I hardly ever read Jonah Goldberg's columns, but I scanned this one and, though there are lots of "maybes" scattered about, I think he's actually serious. The GOP elites strike again:
Too uninformed to vote?, by Jonah Goldberg, Commentary, LA Times: ...Instead of making it easier to vote, maybe we should be making it harder. Why not test people about the basic functions of government? Immigrants have to pass a test to vote; why not all citizens? ... If you threaten to take the vote away from the certifiably uninformed, voter turnout will almost certainly get a boost.
Voter turnout will get a boost? An increase the price of something does not, except in the most unusual of circumstances, cause a "boost" in the quantity demanded. Thus, increasing the price of voting by requiring people to pass a test will exclude some people who would have voted otherwise and, since it's unlikely those who get excluded would be scattered randomly across the population of voters, this will exclude particular groups of people from the political process.
I don't see why individuals or groups should be excluded from expressing their preferences in the voting booth over, say, issues such as the war or building a local school or anything else just because they don't know how many years a senator serves, how cloture works, or precisely how a bill becomes a law.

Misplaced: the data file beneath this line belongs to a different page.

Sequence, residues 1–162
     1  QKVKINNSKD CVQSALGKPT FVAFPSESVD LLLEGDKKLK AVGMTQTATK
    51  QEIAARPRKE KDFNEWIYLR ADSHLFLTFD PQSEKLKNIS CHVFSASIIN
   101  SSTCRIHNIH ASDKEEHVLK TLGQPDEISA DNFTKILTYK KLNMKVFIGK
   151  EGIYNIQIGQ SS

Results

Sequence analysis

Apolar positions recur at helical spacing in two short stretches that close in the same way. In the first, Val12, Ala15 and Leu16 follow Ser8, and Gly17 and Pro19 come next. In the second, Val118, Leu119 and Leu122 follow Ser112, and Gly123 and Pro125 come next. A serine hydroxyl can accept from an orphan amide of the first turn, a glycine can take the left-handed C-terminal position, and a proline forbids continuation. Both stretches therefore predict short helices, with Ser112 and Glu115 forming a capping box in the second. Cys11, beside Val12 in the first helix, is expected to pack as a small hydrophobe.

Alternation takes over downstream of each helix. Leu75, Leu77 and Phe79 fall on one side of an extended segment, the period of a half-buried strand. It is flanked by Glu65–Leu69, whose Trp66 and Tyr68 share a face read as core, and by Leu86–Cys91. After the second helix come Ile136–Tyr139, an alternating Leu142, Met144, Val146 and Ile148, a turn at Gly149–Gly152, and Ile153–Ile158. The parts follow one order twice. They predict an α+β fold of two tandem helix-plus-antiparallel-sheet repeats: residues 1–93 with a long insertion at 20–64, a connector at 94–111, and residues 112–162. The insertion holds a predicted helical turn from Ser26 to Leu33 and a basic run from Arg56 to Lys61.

If we are going to go this route, why not test for knowledge of the issues too, not just the functions of government? Thus, when a vote on tax issues comes up, if someone like Jonah "Economics makes my brain itch" Goldberg checks the box that says "tax cuts pay for themselves," then he should not be allowed to vote on that issue. We could apply the same rule in the Senate and House. Can't tell a Sunni from a Shiite? Sit this one out. Don't know the difference between MySpace and YouTube? No votes for you on digital technology issues. The internet is a "series of tubes" you say? You sit down too. Seems like the president should follow the same rules as everyone else, doesn't it? So, for example, if the president can't speak English properly, a word like "nuclear" perhaps, no signing bills in this area until competency has been established. This is, after all, an English speaking country. Vice president too. Shoot someone in the face with a shotgun? That shows a certain lack of competency, so let's leave firearm related legislation to someone else.
I'm not serious of course, we should make it easier to vote, not harder, and we should do our best at education, but I don't understand the desire to make it more difficult for others to participate in the political process.